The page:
Five minutes sounds too good to be true, but I'll testify to the truthfulness of the claim after watching Jeremy do it on my castings.


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PostPosted: Fri Jan 23, 2009 1:07 pm 
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Surf City Catamarans wrote:

The reason I use a reverse cutter is that sometimes a little cutting and the rest of the screw backs out. Saves time on the tapping end of things. The more screw you unscrew, the better off you are. Forward cutter will work, just dont damage the casting.

Well the Delrin screws wouldn't budge with 25 years of petrified salt in them. I used a 5/8" wood bore which worked nicely to cut most of the Delrin screw out without damaging the threads. The remaining plastic spiraled right out with an ice pick. Needless to say the threads are in really poor shape. I think I can obtain a 3/4 x 10 tap no problem but not sure what kind of extension is used in the video since the tap needs to be around 8 inches long to reach up inside the casting. Also it looks like I need to find a hone or something to clean up the bore surface for the plunger to move freely. The surface is pretty crusty.


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PostPosted: Fri Jan 23, 2009 3:51 pm 
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sunvista wrote:
I think I can obtain a 3/4 x 10 tap no problem but not sure what kind of extension is used in the video since the tap needs to be around 8 inches long to reach up inside the casting.


I welded a 1/2" ratchet extension to the end of the tap. The extension should fit over the end of the tap no problem, so no welding is really required. 3/4" 10 tap should be readily available. You're almost there. Don't forget to lube it all up when you're done. I use Lanocote, but pretty much any grease will work.

J


Last edited by Sail Revolution on Fri Jan 23, 2009 5:19 pm, edited 1 time in total.

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PostPosted: Fri Jan 23, 2009 3:55 pm 
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This might be easier to see than the video:
http://www.surfcitycatamarans.com/plungerscrew


Image

Hope that helps!

J

Edit:
The new tool made by DanP on the forums. It's pretty sweet. It eliminates the need of having both a drill and a reverse cutter. It's all in one! Thanks again Dan.

Image


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PostPosted: Fri Jan 23, 2009 6:48 pm 
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Here's my $3 solution:

I used a wood bit to rout out most of the screw, then bought a 3/4 inch continuous thread rod...cheap at any hardware store. I filed one side smooth , and then just used a pair of vice grips to screw it into the casting. cut it to a proper lenght (about 12 incles long) then screw it in and out to clean the threads......you coul weld a "T" handle to it for easier handling but the vice grips worked fine.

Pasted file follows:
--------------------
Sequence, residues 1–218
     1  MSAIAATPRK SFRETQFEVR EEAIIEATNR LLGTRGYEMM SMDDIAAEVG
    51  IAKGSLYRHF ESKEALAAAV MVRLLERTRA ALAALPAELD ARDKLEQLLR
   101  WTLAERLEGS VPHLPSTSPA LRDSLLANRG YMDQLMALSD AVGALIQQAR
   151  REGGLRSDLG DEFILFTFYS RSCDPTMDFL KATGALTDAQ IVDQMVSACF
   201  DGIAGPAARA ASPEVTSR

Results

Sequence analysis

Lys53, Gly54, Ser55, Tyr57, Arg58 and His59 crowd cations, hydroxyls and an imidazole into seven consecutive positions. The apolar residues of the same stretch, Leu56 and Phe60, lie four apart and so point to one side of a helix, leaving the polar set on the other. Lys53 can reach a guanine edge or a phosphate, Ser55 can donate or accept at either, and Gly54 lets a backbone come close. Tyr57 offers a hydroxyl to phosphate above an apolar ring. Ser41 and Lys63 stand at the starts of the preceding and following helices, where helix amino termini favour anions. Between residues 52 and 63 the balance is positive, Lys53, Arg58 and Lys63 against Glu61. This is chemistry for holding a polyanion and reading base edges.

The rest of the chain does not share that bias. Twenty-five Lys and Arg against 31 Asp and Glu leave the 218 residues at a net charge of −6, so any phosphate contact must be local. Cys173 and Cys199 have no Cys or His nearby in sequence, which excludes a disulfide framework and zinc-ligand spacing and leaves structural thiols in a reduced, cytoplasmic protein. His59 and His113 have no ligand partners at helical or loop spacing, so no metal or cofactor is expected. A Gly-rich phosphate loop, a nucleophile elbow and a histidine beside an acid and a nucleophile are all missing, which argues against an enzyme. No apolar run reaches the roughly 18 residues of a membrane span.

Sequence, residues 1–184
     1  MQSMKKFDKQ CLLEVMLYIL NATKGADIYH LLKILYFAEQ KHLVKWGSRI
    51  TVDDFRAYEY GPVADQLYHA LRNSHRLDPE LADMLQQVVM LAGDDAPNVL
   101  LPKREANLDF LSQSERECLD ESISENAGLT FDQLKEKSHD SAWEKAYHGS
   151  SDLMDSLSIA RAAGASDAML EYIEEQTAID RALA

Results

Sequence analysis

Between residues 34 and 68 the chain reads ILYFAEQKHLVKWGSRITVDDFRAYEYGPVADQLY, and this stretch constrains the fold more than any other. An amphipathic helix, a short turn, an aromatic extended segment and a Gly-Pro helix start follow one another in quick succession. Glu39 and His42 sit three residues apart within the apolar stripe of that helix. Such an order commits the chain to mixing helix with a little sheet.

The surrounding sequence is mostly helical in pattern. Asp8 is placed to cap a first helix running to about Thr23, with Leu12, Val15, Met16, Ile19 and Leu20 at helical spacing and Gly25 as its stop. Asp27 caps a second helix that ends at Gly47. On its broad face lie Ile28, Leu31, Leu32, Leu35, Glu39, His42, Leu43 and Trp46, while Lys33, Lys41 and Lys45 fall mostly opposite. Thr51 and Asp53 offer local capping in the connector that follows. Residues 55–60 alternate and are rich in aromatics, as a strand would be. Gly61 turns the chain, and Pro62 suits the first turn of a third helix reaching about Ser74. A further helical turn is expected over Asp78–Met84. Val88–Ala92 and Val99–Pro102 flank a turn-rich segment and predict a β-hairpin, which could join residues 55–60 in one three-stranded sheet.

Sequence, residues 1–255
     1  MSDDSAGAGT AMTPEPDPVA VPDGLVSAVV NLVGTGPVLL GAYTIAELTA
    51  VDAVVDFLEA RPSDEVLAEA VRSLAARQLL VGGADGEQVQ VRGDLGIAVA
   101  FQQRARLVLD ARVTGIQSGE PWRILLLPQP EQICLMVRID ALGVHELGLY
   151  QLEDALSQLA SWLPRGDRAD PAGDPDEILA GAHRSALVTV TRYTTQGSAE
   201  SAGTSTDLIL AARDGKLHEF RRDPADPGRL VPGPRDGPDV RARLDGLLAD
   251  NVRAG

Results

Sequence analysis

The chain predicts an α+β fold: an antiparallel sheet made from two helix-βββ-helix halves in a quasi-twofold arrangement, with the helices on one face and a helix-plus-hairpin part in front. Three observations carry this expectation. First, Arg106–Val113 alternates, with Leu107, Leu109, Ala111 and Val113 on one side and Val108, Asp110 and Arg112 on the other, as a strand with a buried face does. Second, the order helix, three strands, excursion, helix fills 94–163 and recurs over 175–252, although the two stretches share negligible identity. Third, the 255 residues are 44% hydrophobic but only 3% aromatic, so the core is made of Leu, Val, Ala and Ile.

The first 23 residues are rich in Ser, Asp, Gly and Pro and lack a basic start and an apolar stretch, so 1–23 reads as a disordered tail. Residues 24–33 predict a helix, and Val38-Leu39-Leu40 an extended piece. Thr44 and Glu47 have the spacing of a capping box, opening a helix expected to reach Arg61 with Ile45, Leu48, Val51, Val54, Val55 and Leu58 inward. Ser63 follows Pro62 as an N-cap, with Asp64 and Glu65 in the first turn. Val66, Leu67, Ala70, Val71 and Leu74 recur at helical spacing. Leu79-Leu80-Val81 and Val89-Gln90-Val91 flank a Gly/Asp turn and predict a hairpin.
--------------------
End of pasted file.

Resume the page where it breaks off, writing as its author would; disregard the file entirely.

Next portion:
The galvanized 3/4 inch rod has standard threads that match perfectly with the thread pattern of the casting....dont go looking for expensive taps that are long enough to reach the casting threads ..... I did spray sailcoat onto the threads, but I don't know if that helped or not.

take the casting to the hardware store and check for youreself for the correct thread rod size....

Grease the casting threads and put new derlin screw in and your done.

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Last edited by rbell on Sat Jan 24, 2009 5:49 am, edited 1 time in total.

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PostPosted: Sat Jan 24, 2009 5:39 am 
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A section of 3/4" stainless all-thread would be a good idea but I found a used tap on eBay for ten bucks. (there is one more available if anyone else wants to do this). I have plenty of sockets and extensions. I'm sure I can find one to fit the shank of the tap. I'm thinking of wrapping the Delrin screw with teflon tape rather than using grease or anti-seize. I don't think grease lasts that long in salt water and anti-seize might eat into the plastic. Thanks for all the suggestions!!


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PostPosted: Sat Jan 24, 2009 12:45 pm 
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Anti-seize will not eat the plastic, but I recommend silicone brake grease. It is designed to say put under very harsh conditions as it was designed to keep the sliders on your disk brakes moving.

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PostPosted: Mon Jan 26, 2009 5:42 pm 
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There was a good article with pictures by Gary Wilcox on "Rebuilding the Hobie Rudder Cam Assembly" in "On The Wire" April 1997 issue.

http://www.thebeachcats.com/OnTheWire/h ... ature2.htm

There also was a good article with pictures by Bill Mattson on "Raking Rudders" also in "On The Wire" May/June 1989 issue.

http://www.thebeachcats.com/OnTheWire/w ... ature3.htm

Another good article with pictures by David Hall on "Towards The "No Slop" Rudder" also in "On The Wire" March 1997 issue.

http://www.thebeachcats.com/OnTheWire/h ... ature1.htm


I used all three of these to rebuild my 1982 rudders last year and what a difference.